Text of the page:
WASHINGTON – As the nation’s only truly legal supplier of marijuana, the U.S. government keeps tight control of its stash, which is grown in a 12-acre fenced garden at the University of Mississippi in Oxford.
Part of the crop is shipped to Research Triangle Institute in North Carolina, where it’s rolled into cigarettes, all at taxpayer expense.
Even though Congress has long banned marijuana, the operation is legitimate. It’s run by the National Institute on Drug Abuse, part of the U.S. Department of Health and Human Services, which doles out the pot for federally approved research.
While U.S. officials defend their monopoly, critics say the government is hogging all the pot and giving it mainly to researchers who want to find harms linked to the drug.
U.S. officials say the federal government must be the sole supplier of legal marijuana in order to comply with a 1961 international drug-control treaty. But they admit they’ve done relatively little to fund pot research projects looking for marijuana’s benefits, following their mandate to focus on abuse and addiction.
“We’ve been studying marijuana since our inception. Of course, the large majority of that research has been on the deleterious effects, the harmful effects, on cognition, behavior and so forth,” said Steven Gust, special assistant to the director at the National Institute on Drug Abuse.
Most Americans back legal pot
With polls showing a majority of Americans supporting legalization, pot backers say the government should take a more evenhanded approach. The National Institute on Drug Abuse and the White House drug czar have become favorite targets to accuse of bias, with both prohibited by Congress from spending money to promote legalization.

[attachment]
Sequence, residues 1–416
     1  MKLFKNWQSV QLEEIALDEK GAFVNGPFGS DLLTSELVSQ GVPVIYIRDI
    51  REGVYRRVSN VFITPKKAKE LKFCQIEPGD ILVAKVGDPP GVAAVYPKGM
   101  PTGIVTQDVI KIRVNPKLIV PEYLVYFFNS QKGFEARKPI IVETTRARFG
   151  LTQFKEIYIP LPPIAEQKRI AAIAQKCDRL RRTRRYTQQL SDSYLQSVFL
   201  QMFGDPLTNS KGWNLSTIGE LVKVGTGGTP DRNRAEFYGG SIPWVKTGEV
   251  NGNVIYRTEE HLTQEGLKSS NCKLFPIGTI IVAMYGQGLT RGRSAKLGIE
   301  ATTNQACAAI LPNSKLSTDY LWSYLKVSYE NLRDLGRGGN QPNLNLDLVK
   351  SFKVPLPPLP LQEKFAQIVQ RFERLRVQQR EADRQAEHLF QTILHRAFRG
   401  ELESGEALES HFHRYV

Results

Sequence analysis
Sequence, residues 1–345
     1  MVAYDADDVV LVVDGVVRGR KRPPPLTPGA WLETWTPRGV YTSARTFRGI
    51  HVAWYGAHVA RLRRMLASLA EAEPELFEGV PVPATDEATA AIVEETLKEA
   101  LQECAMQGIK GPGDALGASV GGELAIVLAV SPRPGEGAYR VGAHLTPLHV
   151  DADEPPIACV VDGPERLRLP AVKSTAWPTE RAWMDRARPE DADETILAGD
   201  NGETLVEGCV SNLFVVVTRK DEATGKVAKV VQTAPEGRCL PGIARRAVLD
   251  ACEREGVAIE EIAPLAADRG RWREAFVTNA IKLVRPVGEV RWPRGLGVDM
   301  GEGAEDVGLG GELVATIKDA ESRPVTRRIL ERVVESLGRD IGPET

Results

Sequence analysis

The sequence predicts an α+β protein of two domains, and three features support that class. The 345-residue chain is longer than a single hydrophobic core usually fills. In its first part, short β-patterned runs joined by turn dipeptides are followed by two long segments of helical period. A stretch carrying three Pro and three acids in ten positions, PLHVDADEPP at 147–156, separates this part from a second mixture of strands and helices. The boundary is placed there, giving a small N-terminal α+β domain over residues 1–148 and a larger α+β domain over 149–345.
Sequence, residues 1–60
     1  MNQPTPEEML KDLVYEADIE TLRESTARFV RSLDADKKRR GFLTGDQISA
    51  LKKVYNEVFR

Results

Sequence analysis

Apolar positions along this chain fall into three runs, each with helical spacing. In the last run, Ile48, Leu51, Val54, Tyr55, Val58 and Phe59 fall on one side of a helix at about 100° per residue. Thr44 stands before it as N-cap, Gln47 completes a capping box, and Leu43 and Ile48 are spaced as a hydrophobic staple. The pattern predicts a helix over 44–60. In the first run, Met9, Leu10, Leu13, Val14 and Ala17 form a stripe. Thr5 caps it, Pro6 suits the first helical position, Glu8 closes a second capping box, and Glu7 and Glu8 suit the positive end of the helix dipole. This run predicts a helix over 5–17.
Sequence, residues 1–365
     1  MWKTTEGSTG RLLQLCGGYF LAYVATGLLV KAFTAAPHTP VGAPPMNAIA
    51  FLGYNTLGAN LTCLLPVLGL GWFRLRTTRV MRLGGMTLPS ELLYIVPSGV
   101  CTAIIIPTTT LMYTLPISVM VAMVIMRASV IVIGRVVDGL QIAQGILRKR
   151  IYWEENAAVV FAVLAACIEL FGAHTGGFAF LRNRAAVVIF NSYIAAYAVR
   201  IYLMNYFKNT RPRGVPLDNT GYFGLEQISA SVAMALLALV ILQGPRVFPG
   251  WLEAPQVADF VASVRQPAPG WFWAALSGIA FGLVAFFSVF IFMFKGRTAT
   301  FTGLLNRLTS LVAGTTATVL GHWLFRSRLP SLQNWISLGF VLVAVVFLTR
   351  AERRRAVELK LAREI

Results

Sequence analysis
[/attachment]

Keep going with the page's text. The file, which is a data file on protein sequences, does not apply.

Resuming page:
Some critics hope the situation will change; federal officials last week approved a University of Arizona proposal that will let researchers try to determine whether smoking or vaporizing marijuana could help veterans with post-traumatic stress disorder. The researchers can provide the equivalent of two joints per day for 50 veterans.
It was a long time coming.
Suzanne Sisley, clinical assistant professor of internal medicine and psychiatry at the University of Arizona’s medical school, said the Health and Human Services Department waited more than three years to approve the project after it was first sanctioned by the Food and Drug Administration. She said the extra federal review should be scrapped and that approval by the FDA should be sufficient for a study to proceed.
“It’s indefensible,” she said. “The only thing we can assume is that it is politics trumping science.”
After the long delay, Sisley said she hopes to launch the project soon, after getting the marijuana from the National Institute on Drug Abuse. She said pressure by veterans helped get the project approved.
Dan Riffle, director of federal policies for the Marijuana Policy Project, a pro-legalization group, said President Obama should remove research barriers. The legalization of marijuana “is inevitable” and more studies are needed, he said.
“That is exactly why federal law and policies shouldn’t tie the hands of scientists by favoring certain kinds of research over others,” Riffle said.
Research is not being blocked
The national institute’s Gust said the federal government is open to the idea of looking for more medical applications for marijuana and that it’s a “red herring” to say that his agency is blocking research.
“This is an untruth that’s been put out there by certain groups, and quite frankly I wonder if it’s not having the perverse effect of actually decreasing the amount of applications and interest in research,” Gust said.
National Institute on Drug Abuse officials said they gave more than $30 million in government grants to finance 69 marijuana-related research projects in 2012, a big jump from the 22 projects that received less than $6 million in 2003. While the institute would not provide exact figures, Gust said it has funded at least five to 10 projects examining possible medical applications.
The institute also provides marijuana for privately funded projects approved by the Health and Human Services Department. Of the 18 research applicants who requested marijuana from 1999 to 2011, 15 got approval, officials said.